Between approximately 1965 and 1973, single-strand (solid) aluminum wiring was sometimes substituted for copper branch-circuit wiring in residential electrical systems due to the sudden escalating price of copper.
In brief, these materials were banned in the late 1970’s due to problematic nationwide history, including arcing, shorts, and fires. Installer errors, device incompatibilities, and material behavior all contribute to the problems. Stranded aluminum is still used for larger circuits, such as for ranges and service entrance cable. The problem is often compounded over the years by electricians who attempt to “mitigate the risk” but who in fact increase the risk due to improperly executed updates or materials.
Generally, a home inspector will recommend removing the solid core aluminum branch circuits entirely, and replacing them with copper branch circuits. A new distribution panel, switches, and electrical outlets are also recommended. This will require permitting. (Single-family homes)
At a bare minimum, have a licensed electrician (who is proficient in this material and its related concerns) evaluate all areas- including all distribution panel connections, all junction boxes (including the attic), all fixture locations including lights, switches and outlets, making any necessary corrections or updates (such as CO/ALR designated devices and proper copalum aluminum type wire nuts) to better guarantee occupant safety. Nicked solid core aluminum conductors must be reworked. Additionally, I recommend annual spot checks for the home’s electrical system if the aluminum is not deleted and replaced. DO NOT allow any unlicensed, uninsured, or unsupervised individuals to touch the system.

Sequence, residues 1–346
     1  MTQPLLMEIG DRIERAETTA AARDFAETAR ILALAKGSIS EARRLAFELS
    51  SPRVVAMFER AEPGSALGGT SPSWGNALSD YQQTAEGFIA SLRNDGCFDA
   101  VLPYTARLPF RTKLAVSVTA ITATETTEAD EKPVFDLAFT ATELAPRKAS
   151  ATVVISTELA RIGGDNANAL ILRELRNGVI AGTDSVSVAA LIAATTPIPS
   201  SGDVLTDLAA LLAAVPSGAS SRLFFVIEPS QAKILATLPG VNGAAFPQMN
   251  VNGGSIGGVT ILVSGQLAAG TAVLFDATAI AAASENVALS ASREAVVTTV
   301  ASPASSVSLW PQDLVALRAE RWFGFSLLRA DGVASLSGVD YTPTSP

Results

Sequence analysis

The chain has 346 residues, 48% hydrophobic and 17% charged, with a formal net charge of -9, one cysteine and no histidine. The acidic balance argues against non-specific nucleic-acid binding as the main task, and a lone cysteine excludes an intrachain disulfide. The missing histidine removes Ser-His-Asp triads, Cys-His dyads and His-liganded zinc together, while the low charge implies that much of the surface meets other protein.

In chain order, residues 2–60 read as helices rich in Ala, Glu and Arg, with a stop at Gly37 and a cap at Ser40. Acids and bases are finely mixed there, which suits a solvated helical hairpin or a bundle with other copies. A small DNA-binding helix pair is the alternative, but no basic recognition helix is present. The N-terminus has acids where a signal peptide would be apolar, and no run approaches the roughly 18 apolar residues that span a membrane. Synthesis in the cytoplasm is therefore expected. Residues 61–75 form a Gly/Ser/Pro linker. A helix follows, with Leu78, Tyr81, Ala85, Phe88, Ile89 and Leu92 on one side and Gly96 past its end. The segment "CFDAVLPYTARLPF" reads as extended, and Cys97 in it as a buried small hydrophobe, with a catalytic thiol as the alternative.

Note: Pig-tailing aluminum to copper (a common “update” used by some local electricians) is highly discouraged. This can overcrowd boxes, and, incorrect wire nuts are almost always used which increases the risk of problems. Consult a qualified, licensed and insured electrician only.
Any and all “updates” should be clearly documented in writing, on a licensed and insured electrician’s invoice; otherwise they may be unreliable, inferior, and potentially unsafe. Related verbal conveyances of work performed have no value whatsoever and should be considered worthless until verified by a licensed electrician.
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